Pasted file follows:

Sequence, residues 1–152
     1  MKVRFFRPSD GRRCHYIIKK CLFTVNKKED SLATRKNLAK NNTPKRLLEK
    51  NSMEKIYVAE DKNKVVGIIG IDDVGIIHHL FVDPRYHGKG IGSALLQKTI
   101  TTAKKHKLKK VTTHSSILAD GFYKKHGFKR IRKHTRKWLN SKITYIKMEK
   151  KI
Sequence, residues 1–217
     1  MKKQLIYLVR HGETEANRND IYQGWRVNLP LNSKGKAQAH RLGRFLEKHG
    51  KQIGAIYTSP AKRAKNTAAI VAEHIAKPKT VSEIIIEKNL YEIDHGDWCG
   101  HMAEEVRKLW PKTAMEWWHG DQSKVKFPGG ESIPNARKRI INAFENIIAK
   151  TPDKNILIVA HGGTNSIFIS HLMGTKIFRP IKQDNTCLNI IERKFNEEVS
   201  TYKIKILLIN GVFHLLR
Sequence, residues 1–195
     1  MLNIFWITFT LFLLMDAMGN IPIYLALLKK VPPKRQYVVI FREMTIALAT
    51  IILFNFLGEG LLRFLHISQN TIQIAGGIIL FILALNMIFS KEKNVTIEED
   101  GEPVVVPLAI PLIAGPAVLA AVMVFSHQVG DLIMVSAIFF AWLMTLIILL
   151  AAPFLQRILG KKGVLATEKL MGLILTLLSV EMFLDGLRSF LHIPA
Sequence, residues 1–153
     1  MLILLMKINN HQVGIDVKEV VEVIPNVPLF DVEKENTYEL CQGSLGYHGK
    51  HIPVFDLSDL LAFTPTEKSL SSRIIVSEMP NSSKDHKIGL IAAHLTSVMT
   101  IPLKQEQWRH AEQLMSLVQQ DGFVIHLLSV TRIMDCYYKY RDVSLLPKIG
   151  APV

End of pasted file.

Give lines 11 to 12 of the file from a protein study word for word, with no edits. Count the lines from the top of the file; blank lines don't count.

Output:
   201  TYKIKILLIN GVFHLLR
Sequence, residues 1–195